(Bloomberg) — The International Monetary Fund and World Bank will stick with plans to hold their annual meetings in Morocco in October despite a devastating earthquake earlier this month that claimed about 3,000 lives.
The IMF and World Bank said an assessment concluded that the meetings, scheduled for October 9-15, wouldn’t disrupt relief and reconstruction but would “provide an opportunity for the international community to stand by Morocco and its people, who have once again shown resilience in the face of tragedy,”
“As we look ahead to the Meetings, it is of utmost importance that we conduct them in a way that does not hamper the relief efforts under way and that is respectful to the victims and the Moroccan people,” said the statement.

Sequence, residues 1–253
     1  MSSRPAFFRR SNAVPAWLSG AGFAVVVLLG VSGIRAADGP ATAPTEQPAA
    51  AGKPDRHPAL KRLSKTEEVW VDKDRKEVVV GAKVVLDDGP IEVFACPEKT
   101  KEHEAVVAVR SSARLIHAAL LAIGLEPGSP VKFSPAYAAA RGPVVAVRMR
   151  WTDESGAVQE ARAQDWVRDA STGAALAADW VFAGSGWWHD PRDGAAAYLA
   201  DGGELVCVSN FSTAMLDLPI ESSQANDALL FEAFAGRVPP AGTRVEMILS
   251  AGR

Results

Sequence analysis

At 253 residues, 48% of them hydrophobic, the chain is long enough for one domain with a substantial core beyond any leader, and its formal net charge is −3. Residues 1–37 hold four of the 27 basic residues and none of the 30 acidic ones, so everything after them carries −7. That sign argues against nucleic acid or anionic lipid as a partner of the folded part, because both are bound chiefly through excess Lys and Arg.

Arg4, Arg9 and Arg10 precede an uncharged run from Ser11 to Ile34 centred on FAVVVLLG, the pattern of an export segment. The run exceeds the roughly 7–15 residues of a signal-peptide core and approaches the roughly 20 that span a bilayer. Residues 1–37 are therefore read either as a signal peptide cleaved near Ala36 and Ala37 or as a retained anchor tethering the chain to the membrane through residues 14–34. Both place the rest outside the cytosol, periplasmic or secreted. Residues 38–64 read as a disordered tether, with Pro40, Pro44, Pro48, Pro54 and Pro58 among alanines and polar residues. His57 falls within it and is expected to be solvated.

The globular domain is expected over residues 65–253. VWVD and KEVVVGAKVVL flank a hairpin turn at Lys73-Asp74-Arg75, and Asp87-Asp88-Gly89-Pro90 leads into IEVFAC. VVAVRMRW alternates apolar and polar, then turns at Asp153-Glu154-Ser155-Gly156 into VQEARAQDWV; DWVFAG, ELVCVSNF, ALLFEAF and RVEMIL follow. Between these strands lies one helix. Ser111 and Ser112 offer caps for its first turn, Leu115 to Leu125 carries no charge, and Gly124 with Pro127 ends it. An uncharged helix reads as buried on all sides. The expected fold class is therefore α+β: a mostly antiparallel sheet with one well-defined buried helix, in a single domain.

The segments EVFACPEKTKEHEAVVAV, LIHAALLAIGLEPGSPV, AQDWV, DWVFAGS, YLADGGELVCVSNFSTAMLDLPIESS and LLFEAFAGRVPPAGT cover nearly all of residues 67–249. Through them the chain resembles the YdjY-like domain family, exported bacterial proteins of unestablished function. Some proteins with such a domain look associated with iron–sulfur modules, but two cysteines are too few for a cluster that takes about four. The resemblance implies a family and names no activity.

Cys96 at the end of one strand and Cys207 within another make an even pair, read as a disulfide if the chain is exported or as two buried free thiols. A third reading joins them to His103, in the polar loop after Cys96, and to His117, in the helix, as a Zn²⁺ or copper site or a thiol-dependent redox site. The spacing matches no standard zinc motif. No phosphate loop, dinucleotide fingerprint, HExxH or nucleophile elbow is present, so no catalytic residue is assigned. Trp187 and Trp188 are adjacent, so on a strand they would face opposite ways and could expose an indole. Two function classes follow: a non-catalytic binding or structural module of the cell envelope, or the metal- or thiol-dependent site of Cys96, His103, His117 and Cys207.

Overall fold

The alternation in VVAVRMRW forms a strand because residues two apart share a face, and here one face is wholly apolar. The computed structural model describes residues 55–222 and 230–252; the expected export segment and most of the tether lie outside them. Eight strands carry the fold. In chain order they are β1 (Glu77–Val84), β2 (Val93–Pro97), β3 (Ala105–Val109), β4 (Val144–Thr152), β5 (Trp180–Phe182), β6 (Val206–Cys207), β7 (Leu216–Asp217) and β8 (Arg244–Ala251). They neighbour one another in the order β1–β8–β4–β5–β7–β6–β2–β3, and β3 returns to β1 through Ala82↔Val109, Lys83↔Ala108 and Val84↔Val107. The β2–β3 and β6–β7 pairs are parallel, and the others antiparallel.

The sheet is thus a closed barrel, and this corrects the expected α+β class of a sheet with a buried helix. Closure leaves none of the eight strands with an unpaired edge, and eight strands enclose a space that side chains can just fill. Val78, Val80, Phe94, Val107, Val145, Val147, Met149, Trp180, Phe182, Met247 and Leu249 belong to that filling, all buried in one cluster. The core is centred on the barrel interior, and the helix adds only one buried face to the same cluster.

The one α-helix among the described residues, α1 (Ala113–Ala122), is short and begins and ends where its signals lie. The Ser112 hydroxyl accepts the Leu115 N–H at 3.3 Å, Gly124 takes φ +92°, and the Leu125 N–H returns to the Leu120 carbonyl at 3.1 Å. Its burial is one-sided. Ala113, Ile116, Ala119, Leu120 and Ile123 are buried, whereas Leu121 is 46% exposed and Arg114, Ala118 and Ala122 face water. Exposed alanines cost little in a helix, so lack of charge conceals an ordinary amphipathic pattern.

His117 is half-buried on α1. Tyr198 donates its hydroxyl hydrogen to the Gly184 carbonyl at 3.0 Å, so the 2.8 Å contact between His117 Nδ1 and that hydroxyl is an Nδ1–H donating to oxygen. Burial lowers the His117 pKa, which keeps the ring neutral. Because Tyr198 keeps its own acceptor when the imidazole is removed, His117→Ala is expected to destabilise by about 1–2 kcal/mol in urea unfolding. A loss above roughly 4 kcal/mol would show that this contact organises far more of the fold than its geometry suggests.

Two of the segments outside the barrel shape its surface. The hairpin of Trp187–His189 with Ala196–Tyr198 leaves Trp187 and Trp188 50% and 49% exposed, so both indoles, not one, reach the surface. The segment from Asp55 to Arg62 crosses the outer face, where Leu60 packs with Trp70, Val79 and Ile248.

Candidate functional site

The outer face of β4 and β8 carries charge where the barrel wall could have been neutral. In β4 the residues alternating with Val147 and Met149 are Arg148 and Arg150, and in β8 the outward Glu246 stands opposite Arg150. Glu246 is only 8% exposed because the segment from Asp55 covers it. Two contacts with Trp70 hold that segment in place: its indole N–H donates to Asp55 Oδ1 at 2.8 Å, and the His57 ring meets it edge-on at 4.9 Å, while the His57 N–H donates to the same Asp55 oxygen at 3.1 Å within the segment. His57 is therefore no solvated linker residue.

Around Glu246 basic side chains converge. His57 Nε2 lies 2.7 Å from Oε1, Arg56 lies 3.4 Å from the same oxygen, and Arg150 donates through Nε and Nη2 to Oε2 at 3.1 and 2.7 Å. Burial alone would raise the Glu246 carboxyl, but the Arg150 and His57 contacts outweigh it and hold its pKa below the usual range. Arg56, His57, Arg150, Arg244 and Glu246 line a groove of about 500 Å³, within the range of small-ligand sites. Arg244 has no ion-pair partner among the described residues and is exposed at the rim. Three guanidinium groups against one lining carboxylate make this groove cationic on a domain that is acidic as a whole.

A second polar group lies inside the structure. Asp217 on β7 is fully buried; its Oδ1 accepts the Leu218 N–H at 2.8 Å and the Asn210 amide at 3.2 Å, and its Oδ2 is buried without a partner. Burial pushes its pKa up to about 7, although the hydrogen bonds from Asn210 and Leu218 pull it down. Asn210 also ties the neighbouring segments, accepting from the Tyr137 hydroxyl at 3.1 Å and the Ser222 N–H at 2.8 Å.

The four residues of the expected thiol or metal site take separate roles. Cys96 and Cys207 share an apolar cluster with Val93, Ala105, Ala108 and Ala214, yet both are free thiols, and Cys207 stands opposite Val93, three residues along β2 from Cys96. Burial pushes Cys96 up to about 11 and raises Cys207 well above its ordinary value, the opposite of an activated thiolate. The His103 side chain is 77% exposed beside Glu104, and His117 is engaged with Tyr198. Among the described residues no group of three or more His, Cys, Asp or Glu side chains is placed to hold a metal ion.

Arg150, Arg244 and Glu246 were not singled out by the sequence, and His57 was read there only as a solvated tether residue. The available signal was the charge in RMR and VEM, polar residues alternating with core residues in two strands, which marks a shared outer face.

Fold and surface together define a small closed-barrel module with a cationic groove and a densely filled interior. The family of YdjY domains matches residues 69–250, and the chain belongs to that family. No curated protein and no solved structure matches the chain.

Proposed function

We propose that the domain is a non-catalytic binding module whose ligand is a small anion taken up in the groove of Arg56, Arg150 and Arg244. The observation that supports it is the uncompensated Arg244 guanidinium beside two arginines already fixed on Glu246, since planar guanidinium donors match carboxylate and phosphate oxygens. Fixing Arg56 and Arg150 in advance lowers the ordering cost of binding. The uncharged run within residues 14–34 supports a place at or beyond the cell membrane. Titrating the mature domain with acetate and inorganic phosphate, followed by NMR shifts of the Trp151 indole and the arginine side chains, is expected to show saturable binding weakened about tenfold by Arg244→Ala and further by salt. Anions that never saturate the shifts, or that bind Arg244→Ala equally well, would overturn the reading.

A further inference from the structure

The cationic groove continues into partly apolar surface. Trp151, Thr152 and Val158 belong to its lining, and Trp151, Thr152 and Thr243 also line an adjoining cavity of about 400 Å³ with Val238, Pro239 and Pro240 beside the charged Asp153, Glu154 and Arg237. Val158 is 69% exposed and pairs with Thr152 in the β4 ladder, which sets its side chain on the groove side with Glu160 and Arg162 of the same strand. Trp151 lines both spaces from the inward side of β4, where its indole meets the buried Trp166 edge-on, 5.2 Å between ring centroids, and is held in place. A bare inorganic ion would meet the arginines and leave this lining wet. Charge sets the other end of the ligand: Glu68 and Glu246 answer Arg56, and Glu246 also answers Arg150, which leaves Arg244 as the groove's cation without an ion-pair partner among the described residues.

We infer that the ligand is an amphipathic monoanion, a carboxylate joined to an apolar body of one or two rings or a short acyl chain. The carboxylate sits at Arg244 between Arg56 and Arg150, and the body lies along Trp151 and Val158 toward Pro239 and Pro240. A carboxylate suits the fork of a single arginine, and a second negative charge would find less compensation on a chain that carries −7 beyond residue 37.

The North African kingdom had said in the aftermath of the Sept. 8 quake that it was committed to holding the gathering. The epicenter of Morocco’s most powerful temblor in a century struck south of Marrakech in the High Atlas mountains and damaged some of the city.
The first annual meetings by the multinational lenders on the African continent since 1973 are expected to give a major spending boost to Morocco’s fourth-largest city, one of the country’s top tourist destinations. The upcoming meetings were originally scheduled for 2021, but had been delayed because of the pandemic.
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